One of the most photogenic images in our universe, the Sombrero Galaxy is roughly 28 million light years away from Earth. It’s not hard to see where it gets its name from and scientists suspect that it probably has a super massive black hole at the center. The image you see is actually a mash up of several other images taken by both the Spitzer and Hubble Space Telescopes.
Resembling the body of an ant, what you are looking at is actually a star in process of dying. Those jets of gas being shot out into space are actually moving at about 620 miles per second. Don’t worry though, the nebula is located approximately 8,000 light years from Earth (from left to right the image above spans a length of about 1 light year)
Helix Nebula (Eye of God)
What has become a classic picture of deep space, the Whirlpool Galaxy is actually visible from Earth if you can get your hands on some quality binoculars. It is believed to spiral the way it does due to the gravitational disturbance caused by the dwarf galaxy in the upper right.
About a thousand years ago a star exploded in the night sky and was recorded by astronomers all around the world. Records show that Chinese, Arab, and Native American stargazers all observed the event to be visible in broad daylight for almost 1 month and at night for over 2 years. It was until recently, however, that we could get a closeup.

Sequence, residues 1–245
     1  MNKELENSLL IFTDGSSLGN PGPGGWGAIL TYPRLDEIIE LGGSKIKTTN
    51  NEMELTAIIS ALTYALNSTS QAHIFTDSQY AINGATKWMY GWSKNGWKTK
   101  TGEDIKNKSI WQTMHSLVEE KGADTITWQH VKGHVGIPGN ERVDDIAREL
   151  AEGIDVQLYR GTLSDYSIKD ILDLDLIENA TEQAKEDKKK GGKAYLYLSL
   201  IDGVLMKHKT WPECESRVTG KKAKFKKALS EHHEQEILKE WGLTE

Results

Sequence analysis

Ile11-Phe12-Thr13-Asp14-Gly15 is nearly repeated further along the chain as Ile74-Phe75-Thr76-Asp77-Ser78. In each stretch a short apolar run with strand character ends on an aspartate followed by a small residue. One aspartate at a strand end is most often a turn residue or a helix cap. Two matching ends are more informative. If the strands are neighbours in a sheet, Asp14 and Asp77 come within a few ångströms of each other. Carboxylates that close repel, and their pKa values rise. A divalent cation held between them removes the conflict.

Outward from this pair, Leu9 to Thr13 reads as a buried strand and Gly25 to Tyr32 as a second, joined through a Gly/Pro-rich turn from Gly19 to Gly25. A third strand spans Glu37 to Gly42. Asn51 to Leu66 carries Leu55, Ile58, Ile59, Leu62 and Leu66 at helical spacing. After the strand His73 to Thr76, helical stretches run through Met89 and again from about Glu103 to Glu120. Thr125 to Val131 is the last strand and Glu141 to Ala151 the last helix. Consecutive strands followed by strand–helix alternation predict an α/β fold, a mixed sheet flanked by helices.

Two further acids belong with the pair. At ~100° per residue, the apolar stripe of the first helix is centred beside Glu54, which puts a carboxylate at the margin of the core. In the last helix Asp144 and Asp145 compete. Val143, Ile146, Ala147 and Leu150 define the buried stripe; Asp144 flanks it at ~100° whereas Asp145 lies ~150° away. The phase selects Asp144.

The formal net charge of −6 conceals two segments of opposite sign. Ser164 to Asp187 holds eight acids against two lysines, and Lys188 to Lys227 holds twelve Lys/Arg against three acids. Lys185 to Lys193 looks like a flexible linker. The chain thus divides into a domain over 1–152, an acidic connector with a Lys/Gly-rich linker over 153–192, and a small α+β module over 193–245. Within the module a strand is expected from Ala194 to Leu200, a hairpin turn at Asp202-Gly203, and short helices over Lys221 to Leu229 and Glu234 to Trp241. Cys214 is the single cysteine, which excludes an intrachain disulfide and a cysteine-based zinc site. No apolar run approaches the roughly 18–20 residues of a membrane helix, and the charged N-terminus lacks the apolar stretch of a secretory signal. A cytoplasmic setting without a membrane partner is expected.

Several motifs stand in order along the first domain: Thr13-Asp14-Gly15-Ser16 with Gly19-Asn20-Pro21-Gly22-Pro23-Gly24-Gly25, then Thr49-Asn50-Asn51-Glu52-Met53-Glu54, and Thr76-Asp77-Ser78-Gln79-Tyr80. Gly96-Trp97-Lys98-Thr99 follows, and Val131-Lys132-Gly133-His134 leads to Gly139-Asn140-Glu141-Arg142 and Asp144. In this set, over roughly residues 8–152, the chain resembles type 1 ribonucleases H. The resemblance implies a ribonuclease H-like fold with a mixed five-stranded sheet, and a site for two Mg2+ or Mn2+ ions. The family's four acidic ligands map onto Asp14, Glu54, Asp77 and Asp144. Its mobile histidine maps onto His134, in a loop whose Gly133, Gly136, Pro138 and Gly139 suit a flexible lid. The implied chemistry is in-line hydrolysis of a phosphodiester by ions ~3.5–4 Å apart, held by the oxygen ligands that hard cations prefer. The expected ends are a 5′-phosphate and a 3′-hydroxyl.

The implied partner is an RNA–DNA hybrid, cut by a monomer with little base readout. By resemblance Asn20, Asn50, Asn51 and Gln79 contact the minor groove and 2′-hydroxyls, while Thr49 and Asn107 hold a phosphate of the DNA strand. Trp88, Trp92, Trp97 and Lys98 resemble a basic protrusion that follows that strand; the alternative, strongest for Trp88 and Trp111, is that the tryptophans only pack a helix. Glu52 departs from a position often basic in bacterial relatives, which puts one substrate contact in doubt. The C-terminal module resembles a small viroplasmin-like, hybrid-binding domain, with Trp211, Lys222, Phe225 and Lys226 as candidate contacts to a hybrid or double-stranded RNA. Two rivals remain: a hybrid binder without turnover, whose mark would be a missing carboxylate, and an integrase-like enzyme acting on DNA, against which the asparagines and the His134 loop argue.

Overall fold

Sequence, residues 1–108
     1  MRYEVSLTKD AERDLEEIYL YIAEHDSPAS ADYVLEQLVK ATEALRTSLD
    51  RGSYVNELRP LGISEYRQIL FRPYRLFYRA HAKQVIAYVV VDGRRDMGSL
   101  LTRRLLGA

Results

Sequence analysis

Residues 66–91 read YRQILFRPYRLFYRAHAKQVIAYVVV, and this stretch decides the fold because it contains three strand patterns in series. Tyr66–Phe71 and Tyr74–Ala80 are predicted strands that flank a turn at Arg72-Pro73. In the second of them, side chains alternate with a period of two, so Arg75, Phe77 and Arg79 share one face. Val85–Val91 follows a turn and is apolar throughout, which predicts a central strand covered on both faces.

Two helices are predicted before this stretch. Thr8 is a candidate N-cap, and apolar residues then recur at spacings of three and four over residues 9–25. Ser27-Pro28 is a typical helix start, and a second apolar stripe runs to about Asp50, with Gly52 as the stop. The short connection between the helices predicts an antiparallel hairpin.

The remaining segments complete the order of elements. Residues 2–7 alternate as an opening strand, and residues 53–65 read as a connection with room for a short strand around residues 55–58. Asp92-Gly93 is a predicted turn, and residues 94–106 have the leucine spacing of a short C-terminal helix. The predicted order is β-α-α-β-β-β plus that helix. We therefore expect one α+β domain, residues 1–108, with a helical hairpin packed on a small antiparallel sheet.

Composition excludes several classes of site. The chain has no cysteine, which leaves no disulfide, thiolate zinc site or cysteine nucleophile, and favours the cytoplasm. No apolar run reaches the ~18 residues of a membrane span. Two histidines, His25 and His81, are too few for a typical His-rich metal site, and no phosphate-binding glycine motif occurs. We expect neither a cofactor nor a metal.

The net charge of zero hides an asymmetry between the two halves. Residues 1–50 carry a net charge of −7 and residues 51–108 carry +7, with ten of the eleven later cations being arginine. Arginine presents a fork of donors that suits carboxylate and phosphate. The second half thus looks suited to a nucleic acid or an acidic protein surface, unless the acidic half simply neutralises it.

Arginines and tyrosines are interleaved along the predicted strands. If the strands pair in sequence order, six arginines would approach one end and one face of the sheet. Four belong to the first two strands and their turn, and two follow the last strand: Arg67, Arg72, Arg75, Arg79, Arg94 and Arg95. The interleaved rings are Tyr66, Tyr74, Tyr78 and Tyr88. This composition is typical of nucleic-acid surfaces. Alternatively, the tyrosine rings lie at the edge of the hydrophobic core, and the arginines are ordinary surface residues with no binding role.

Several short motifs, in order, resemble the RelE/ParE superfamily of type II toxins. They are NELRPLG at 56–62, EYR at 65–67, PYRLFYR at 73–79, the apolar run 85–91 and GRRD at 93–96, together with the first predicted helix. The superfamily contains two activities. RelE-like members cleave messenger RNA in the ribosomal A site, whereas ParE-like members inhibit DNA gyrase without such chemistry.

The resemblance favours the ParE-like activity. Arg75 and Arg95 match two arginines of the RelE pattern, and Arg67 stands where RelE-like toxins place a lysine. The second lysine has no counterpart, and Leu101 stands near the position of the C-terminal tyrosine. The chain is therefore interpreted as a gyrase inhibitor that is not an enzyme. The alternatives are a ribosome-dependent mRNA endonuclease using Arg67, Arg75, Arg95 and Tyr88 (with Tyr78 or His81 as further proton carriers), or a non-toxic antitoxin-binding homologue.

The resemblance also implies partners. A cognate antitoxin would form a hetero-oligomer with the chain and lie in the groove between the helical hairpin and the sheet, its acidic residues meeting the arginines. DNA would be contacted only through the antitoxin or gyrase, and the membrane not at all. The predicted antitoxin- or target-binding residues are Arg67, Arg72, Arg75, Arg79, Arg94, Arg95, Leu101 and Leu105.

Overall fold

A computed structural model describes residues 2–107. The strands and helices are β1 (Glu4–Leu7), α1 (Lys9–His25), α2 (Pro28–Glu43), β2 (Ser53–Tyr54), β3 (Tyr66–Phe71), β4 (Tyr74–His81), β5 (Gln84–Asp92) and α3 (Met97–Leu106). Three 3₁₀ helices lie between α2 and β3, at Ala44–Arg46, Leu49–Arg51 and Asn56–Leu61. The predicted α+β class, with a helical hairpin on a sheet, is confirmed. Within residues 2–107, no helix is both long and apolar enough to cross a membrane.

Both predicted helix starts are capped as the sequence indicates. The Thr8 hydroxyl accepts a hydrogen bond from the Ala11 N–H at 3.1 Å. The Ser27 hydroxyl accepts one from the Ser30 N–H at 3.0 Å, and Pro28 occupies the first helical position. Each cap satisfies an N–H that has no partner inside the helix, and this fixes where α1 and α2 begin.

The Enigmatic Cloud
It’s technical name being nebula IRAS 05437+2502, little is known about this obscure nebula near the central plane of our galaxy. First discovered by the Infrared Astronomical Satellite (IRAS) in 1983, it was recently spotted again by the Hubble.
The Edge-On Galaxy
The Flocculent Spiral
The Red Spider Nebula
Consisting mostly of ionized hydrogen gas, this nebula located in the Large Magellanic Cloud is a place of extremes and due to numerous supernova remnants it is one the brightest nebulae in our intergalactic neighborhood. Another fun fact – it’s home to the heaviest star on record.
No list of space pictures would be complete without on of our nearest galactic neighbors, the Andromeda Galaxy. One of the only things in the night sky outside of the Milky Way that is visible with the naked eye, it spans approximately 200,000 light years.